The Aaron Vaughn Memorial Frogman swim is a local charity event held on or about Aaron Vaughn’s birthday to raise money for Operation300. Operation300 is the non-profit organization founded by Aaron’s sister, Tara, where Gold Star children are taken to camp where they are mentored, loved on, and taught all the kinds of things their father’s would have taught them. Truly one of the most amazing organizations (and families) I have ever had the blessing of being a part of. I love Operation300.
This year, Kemper was third female finisher, Daly Kay was fifth, and Uncle John was third male. Not bad. The Rebacks came and conquered. But the best thing that happened at the event was almost accidental.
As you know, we are big Brian Mast fans. Not only is he a good friend, but Brian is honest-to-God just a good MAN. An army ranger who worked EOD, he lost both legs and a couple of fingers to an IED. Determined that such a tremendous sacrifice would not be the greatest contribution he would make to his country, he is now running for congress.
I mean, who does that? Who? Brian is just…amazing.
An opponent tried to cut him down by saying he exploits his (very cool-terminator looking) prosthetic legs to gain sympathy and political support. He made fun of him for “running for congress” since he has no legs. True to Brian Mast form, he began registering for every 5k and endurance race he could find. And so participating in the Aaron Vaughn Frogman 1 Kilometer Swim was just another opportunity to push himself, overcome, and compete.
Now stop and think about it. Swimming one kilometer is hard. Swimming one kilometer without legs and missing a few fingers is like…unreal.
Brian had a few swat guys help him down the beach to the start and off he went.
What took Kemper 15 minutes and David 17 minutes took Brian nearly an hour. Muscling through the water and trying to move forward while simultaneously struggling to keep from going directly verticle, David noticed him coming in to shore. David looked everywhere for the military/law enforcement guys that had been there to get Brian to the start but he noticed that as Brian got closer to the sand there wasn’t anyone near the shore. He quickly made his way to waters edge. As David came into the water, Brian put his arm around him. Another swat guy came and got on Brian’s other side, and together they helped Brian up the beach to the finish. To Brian, this was just how he did a race. Maybe he knew what this meant to David or maybe it’s just so normal to him that the magnitude of the moment was simply in David’s mind. But as Brian patted David’s shoulder and they made their way over the finish, David said it was all he could do to hold it together emotionally.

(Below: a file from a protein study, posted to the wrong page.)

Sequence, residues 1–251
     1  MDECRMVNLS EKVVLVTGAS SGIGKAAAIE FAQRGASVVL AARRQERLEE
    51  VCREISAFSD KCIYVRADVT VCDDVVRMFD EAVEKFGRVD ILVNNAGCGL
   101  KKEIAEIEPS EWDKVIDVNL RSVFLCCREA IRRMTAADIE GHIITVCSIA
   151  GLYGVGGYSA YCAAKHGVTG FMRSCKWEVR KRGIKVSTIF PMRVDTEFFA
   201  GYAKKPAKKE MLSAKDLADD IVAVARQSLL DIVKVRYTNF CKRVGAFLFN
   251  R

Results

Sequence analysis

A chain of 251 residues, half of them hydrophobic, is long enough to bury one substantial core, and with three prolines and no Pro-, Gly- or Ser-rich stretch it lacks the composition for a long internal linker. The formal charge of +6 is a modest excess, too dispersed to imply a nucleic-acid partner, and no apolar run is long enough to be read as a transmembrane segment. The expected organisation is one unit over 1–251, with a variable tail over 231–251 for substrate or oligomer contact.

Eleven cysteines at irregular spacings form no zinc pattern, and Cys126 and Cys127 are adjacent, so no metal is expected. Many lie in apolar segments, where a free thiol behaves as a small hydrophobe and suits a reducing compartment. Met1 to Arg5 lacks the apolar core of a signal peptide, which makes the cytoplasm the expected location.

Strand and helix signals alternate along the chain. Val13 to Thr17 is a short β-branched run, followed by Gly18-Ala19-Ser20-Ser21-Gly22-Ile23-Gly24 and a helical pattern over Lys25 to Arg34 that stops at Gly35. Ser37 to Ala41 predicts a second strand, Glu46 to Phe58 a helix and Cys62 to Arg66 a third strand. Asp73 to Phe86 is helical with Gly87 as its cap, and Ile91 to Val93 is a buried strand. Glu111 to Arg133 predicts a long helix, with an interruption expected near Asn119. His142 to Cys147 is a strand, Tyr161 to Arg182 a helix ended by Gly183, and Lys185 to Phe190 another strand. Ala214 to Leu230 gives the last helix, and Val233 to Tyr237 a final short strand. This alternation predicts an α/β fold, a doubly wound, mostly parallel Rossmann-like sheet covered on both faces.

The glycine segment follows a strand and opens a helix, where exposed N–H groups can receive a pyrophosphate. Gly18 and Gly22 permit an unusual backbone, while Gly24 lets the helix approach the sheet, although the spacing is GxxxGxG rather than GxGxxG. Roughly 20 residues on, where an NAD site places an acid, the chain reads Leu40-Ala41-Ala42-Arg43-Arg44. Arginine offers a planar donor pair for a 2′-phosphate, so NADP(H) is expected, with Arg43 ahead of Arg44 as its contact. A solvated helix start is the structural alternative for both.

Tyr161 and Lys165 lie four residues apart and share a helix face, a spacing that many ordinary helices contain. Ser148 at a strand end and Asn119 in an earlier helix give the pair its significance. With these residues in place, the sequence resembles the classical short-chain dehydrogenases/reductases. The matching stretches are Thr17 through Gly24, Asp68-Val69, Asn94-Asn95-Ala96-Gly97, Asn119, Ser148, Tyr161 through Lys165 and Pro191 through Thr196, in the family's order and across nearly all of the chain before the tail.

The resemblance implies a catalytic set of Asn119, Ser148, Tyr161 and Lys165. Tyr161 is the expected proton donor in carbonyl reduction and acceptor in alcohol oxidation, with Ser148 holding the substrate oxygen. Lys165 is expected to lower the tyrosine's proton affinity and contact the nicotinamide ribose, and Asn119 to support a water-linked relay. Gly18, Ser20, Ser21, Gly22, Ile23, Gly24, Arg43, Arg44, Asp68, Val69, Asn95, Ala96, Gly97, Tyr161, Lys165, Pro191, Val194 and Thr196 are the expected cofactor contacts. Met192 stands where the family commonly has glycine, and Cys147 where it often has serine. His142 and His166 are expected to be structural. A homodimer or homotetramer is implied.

I know there are probably 947 things a day Brian does differently because of the loss of his legs. Even that is most likely a serious underestimation. But to David, to be able to assist, even for one moment, to be able to fill a gap or a small need for someone who literally lost his limbs on our behalf– it was just completely humbling and simultaneously gratifying.
So maybe because of this story, you’ll be on the lookout to find an opportunity to step in a serve a veteran in some small way. Or consider giving to Operation300. There is something so gratifying about giving back to those who have served or lost on our behalf.